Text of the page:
Posts Tagged ‘Stephen Kozeniewski’

I am a bit late with my 2016 list as the first month of 2017 is just about over, but I still wanted to take a minute and share some of my favorite reads from this year. 2016 was a slow year for The Horror Bookshelf and I didn’t hit any of my goals that I made this time last year, but it was for a happy reason! The last few months of 2016 were some of the happiest in my life as my wife and I had our first child. The blog has slowed down considerably, but I do not plan on closing The Horror Bookshelf. I fell a bit behind, but I plan on starting 2017 off catching up on some reviews I owe and then hopefully getting back into a normal routine. I have met so many great people through this blog and it would take forever to name everyone, but I want to thank all of my friends, authors, and readers for sticking with me and offering me encouragement and support. My main goal for this site has always been to have fun, interact with other horror fans, and give back to the authors whose art has inspired me and helped me through some rough patches. That goal remains the same and I hope I can continue the blog for many more years.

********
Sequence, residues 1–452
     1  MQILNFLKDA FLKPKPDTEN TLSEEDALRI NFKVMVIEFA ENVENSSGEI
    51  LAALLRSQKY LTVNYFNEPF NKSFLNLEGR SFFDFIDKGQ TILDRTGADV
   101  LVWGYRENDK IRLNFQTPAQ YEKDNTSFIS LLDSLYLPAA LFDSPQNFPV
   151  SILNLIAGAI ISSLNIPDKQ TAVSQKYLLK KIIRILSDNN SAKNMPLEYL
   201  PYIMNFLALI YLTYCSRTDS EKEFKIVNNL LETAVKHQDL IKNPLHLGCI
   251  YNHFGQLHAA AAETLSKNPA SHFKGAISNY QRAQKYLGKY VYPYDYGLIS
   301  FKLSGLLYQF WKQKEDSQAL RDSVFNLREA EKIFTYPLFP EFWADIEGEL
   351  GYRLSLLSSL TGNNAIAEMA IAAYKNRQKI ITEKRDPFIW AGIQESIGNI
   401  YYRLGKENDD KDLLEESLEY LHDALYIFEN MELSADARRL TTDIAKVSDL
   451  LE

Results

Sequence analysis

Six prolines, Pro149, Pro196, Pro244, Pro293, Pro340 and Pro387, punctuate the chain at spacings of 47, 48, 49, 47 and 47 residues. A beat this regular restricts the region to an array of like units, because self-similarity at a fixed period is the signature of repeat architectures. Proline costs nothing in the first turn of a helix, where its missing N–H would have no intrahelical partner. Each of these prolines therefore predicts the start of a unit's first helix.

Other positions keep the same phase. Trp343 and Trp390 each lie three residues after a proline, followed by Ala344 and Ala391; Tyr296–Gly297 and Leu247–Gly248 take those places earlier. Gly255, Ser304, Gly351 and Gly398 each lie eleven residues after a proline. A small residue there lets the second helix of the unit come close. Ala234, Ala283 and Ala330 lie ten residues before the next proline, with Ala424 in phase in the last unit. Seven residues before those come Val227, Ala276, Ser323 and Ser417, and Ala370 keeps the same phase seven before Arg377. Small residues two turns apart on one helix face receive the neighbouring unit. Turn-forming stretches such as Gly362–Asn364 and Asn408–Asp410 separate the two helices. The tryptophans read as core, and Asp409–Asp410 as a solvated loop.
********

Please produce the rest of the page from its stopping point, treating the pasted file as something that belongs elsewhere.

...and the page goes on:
Being that I fell a bit behind, some of the books featured here haven’t had their full reviews run yet, but they are on the way. I still want to recognize the authors and their works for helping make 2016 an incredible year for this horror fan. Here is a list of my favorite reads from 2016. I decided to go with a Top 15 for novels, a Top 10 for novellas and a Top 5 for Anthologies and Collections. Thanks for sticking with me this far and I hope you find some great new reads on this list!


1. Ronald Malfi The Night Parade 


2. John C. Foster Mister White 


3. Kristopher Rufty Desolation 


4. Jonathan Janz Children of the Dark


5. Justin Cronin The City of Mirrors


6. Damien Angelica Walters Paper Tigers


7. Michelle Garza and Melissa Lason Mayan Blue

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8. D. Alexander Ward Beneath Ash & Bone


9. Hunter Shea The Jersey Devil


10. Joe Hill The Fireman


11. Kristin Dearborn Stolen Away


12. Robert E. Dunn A Living Grave


13. Stephen Kozeniewski Hunter of the Dead


14. Joe Schwartz Stabco


15. John Quick Consequences



1. Adam Howe Tijuana Donkey Showdown